Chicken pox may still infect you even if you've had it in the past or have never had it before as a child.

Many of us think of chicken pox (also known as varicella) as the childhood infection that everyone gets once in their lifetime. This isn’t completely true. Adults who have never had chicken pox or received the chicken pox vaccine can still contract the disease. And when this happens, it can cause serious problems.

Equally good to know: if you’ve had chicken pox in the past, you may actually contract it a second time – although it might take a slightly different form.

Chicken pox (or varicella) is caused by the varicella-zoster virus. It is highly contagious.

“It is transmitted either by contact with the chicken pox rash or by droplets dispersed when an infected person coughs or sneezes,” says Dr Limin Wijaya, Senior Consultant, Department of Infectious Diseases, Singapore General Hospital (SGH), a member of the SingHealth​ group.

When adults contract chicken pox, there is a greater risk of developing complications. This is especially so for people with weakened immune systems, such as those undergoing chemotherapy, previous organ or bone marrow transplants or infected by HIV.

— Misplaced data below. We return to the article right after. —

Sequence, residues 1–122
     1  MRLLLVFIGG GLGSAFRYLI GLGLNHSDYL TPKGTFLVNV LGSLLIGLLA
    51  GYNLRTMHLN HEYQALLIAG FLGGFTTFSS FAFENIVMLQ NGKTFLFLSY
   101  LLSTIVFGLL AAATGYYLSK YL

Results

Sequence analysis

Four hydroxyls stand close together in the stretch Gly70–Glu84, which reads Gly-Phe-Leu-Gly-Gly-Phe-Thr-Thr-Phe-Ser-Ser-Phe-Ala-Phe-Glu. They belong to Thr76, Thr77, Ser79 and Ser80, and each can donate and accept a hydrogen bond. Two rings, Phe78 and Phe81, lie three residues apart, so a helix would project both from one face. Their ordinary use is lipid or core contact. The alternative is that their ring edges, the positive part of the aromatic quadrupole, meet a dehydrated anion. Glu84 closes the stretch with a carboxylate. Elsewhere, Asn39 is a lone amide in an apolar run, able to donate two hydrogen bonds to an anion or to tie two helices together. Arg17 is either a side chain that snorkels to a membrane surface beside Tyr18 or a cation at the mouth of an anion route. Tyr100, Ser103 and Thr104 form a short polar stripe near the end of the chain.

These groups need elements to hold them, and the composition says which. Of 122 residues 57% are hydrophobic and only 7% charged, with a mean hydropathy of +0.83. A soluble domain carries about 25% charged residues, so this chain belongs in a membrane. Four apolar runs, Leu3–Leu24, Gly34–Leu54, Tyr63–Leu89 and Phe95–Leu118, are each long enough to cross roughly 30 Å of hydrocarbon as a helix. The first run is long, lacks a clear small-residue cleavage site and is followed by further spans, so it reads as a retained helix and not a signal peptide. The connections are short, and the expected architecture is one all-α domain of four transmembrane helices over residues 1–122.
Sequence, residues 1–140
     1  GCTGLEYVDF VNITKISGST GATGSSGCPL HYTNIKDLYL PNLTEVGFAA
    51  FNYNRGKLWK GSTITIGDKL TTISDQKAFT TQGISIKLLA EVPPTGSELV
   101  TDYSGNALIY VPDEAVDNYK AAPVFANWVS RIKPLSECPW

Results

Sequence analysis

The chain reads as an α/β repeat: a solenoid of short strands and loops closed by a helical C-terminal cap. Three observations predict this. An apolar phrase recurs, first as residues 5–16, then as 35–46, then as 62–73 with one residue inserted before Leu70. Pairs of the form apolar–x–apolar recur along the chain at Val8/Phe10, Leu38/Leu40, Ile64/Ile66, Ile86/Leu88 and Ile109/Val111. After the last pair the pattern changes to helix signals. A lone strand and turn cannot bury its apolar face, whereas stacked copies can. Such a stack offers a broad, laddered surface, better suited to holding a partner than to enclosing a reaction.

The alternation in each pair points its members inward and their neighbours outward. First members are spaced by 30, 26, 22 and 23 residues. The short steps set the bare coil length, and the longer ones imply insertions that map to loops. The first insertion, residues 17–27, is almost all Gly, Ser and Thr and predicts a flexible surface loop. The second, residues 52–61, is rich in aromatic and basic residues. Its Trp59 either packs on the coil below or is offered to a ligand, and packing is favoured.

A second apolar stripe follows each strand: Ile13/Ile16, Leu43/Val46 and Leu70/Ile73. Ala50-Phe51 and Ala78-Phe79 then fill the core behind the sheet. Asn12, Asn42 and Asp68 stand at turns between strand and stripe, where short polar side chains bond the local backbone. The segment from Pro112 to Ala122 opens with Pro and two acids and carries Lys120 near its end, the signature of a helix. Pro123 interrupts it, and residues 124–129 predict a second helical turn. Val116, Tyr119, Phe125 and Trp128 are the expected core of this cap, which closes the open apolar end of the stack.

Chicken pox symptoms in adults

Although chicken pox symptoms in adults are similar to those exhibited by children, they tend to be more severe.

  • Fever, body aches and headache can occur a day or two before the rash.
  • Red spots appear and develop into itchy vesicles – first appearing on the trunk, face and scalp, then spreading over the entire body. When scratched, these spots may leave scars. Eventually, the blisters dry up and form crusts before healing.

Possible complications of chicken pox in adults

Complications resulting from chicken pox in adults can be due to the spread of the virus to other sites or to a superimposed infection by bacteria. These potential complications include:

  • Bacterial infections of the skin, soft tissues, bones, joints or bloodstream (sepsis)
  • Pneumonia
  • Inflammation of the brain (encephalitis)
  • Toxic shock syndrome

Read on to learn about shingl​es and what chicken pox does to pregnant women​.

Ref: S13